It’s a major milestone moment for any small business. You’ve been through the fledgling stage, anxiously trying to secure seed funding and launch your business, then you’ve been through a period of growth, often overstretching yourself personally as you struggle to wear too many hats all at once. You’ve found great suppliers, made countless pitches and secured a few key clients. Now you’re finally ready to move on to your next business milestone – taking on some employees.
The transition from solo entrepreneur to being a boss can be a difficult one to make. Your business is your baby, and relinquishing any form of control over it is difficult. At the same time, if you have little experience of hiring and managing people, that process can also be daunting. Recruitment can be a minefield – get it right and you have a committed individual who will bring fresh ideas into your business and allow you to scale new heights. Get it wrong, and you’ll be entering a spiral of costly mistakes that could take a huge toll on you and your company.
New team members have a disproportionate impact due to the small size of the business – they will have a big impact, whether positive or negative. You need someone you can trust to take on a significant proportion of the work. Taking on new hires is something your company will need to do in order to evolve and continue to grow, but there are certain things to be aware of as you go into the process.
Your New Hire Is An Integral Part Of Your Business
It’s natural for entrepreneurs to be protective of what they have fought so hard to build up, but try and prepare yourself for the fact that as your business grows, you will need to open up to others, which involves a huge amount of trust.
A lot of solopreneurs make the mistake of not accepting that a new hire is an integral part of a small business. It’s exciting and scary in equal measure – as a sign that your business is viable and continuing to grow, it’s wonderful, but the reality is that you now have someone to be responsible for and all the admin that involves, from administering a payroll to providing an employee assistance programme.
Your new employee is a huge chunk of your business and is absolutely crucial to your growth ambitions. Learning to delegate can be extremely difficult, especially if you’ve become a finely tuned machine in terms of your own productivity.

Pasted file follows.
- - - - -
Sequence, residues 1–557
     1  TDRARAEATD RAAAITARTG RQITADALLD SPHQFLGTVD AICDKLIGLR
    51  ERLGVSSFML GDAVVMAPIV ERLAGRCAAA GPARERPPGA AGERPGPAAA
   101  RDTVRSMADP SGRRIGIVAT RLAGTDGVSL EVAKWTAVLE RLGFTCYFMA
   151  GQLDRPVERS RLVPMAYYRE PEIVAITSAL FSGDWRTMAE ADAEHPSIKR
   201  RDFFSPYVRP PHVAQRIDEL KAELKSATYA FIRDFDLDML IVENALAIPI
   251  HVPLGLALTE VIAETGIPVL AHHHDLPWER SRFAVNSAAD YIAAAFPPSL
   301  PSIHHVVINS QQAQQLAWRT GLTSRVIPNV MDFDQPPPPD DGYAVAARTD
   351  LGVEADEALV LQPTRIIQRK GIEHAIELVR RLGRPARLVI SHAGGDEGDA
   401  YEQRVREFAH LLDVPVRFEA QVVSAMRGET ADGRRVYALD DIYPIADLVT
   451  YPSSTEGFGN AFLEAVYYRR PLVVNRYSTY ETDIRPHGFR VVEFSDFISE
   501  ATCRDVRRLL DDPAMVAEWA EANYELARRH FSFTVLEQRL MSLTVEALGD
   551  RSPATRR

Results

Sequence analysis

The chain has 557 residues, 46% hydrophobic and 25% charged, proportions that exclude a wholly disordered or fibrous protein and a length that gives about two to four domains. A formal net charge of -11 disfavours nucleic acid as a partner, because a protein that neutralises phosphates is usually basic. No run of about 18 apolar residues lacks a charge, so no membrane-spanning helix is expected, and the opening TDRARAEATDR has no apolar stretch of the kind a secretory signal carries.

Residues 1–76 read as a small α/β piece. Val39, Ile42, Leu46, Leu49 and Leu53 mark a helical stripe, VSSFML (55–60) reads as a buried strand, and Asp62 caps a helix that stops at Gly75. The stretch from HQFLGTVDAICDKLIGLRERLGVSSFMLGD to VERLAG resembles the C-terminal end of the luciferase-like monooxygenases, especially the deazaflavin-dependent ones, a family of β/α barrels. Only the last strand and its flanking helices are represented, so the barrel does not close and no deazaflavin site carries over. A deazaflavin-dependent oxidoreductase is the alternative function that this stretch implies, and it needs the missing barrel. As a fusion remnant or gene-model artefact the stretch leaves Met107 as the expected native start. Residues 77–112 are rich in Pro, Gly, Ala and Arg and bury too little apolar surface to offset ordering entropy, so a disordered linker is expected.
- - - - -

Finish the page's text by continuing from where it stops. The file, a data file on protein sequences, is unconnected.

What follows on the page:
You’ll need to find someone you can adapt to the particular conditions of a start-up environment – it’s very different from working for a larger organisation, in that employees are typically expected to be more adaptable and perform a much wider range of tasks, as well as getting used to quick turnarounds and ad-hoc decision making. Make sure you find someone who is familiar or comfortable with that way of working, or it could be a bit a culture shock for them.
Making The Right Choice
If you don’t have lots of experience with recruitment and selection, it can be a daunting process, and you would be well advised to seek support from a recruitment consultant specialising in your sector.
This may seem like an expensive way to go about things when you can just post a role to LinkedIn, but making the wrong decision can be a hugely costly mistake. Finding an employee is resource intensive both in terms of time and money. It’s an investment that you are choosing to make in the future growth of your company.
If you bring in the wrong person, not only do you have to face the expense of recruiting again, but you may also have hired someone that will actively lose your company money through lost revenue. Recruitment expertise is something which only comes through experience, and in a small business without deep pockets, it’s even more crucial to get it right first time.